“Papa?” he asked his father, who was hidden behind the sports pages of the newspaper.
“Vishnu is very powerful, right?”
“And he can take many forms at the same time?”
“Can he take any form he wants?”
“Yes, he can.” said his father, a tinge of irritation building up.
“Does he always fight against evil?”
“Yes, yes, we have spoken about this many times before, Prasoon!”
“But he is always good, right? So why does he fight against himself?”
The paper was folded down and a face with a quizzical look peered at the boy.
“What do you mean?”
“In the book it says that when Rama goes to marry Sita, Parshurama comes and is very angry with him. He challenges Rama to string his bow which he claims is as powerful as the one Rama has broken. When Rama strings it, he says that an arrow has to be fired and he aims it at Parshurama. Doesn’t that mean that he is fighting against himself?”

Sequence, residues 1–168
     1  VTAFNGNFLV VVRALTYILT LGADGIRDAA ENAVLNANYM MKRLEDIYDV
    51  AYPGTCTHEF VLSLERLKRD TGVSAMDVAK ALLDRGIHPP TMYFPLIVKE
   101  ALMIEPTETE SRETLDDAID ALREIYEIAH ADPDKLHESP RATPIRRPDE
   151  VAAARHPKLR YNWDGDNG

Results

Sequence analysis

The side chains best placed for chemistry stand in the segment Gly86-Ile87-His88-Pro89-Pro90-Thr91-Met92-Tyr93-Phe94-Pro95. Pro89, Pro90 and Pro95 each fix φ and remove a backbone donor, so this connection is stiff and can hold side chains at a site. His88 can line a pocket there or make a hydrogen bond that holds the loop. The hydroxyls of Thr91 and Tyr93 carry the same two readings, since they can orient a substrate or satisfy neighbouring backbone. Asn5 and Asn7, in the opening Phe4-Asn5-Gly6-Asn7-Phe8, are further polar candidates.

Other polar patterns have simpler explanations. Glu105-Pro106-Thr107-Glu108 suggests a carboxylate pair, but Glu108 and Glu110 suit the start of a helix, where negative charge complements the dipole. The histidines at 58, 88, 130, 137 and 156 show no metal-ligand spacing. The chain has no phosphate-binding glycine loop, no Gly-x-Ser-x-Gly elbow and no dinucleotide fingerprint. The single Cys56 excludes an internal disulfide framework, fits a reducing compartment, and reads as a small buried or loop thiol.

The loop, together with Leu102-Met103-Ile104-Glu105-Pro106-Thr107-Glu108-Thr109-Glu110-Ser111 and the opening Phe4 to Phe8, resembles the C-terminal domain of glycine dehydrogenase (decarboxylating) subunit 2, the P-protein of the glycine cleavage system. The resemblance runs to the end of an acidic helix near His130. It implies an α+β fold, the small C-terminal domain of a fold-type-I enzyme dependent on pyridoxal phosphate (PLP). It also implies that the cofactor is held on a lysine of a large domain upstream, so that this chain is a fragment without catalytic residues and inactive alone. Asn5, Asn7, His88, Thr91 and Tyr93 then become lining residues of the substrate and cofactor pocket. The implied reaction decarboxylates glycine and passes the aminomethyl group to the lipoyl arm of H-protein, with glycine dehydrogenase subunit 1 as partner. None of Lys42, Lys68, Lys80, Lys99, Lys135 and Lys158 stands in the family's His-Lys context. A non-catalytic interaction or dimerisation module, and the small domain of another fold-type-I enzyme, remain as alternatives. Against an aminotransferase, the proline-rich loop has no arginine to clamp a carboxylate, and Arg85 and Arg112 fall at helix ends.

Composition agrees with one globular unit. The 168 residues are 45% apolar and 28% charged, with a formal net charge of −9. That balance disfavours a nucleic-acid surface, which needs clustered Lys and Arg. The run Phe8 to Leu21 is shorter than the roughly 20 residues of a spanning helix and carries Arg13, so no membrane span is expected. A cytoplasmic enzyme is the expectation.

“Why do you say he is fighting against himself?”
“Papa, you forgot? Rama is an avatar of Vishnu. Parshurama is also an avatar of Vishnu. Doesn’t that mean he is fighting himself?”
“You have a point here, Prasoon!”
After a pause, the father added “Rama was a really good man. Maybe even better than Parshurama, and he needed to prove that point. Set that standard.”
And the explanation expanded some more. “It is not that Parshurama was bad, but Rama was perfect. Not all of us can be perfect all the time like Rama. We may be more like Parshurama. Sometimes we make good choices and sometimes we don’t.”
“Are you saying that we may make mistakes and it is ok to fail?”
“Yes. You know, Rama didn’t punish Parshurama. He let him go.”
Prasoon rushed into his room and came back with a sheet of paper, handing it gingerly to his father.
“Papa, can you please sign this? You are my Rama,” he said with a sheepish smile, as his father pored over the red lines in his son’s report card.

Thursday, June 26, 2014

A Fleeting Image Of A House

Mine was an Indian home:
Blessed by a multitude of Gods,
Drenched in incense
and deliberation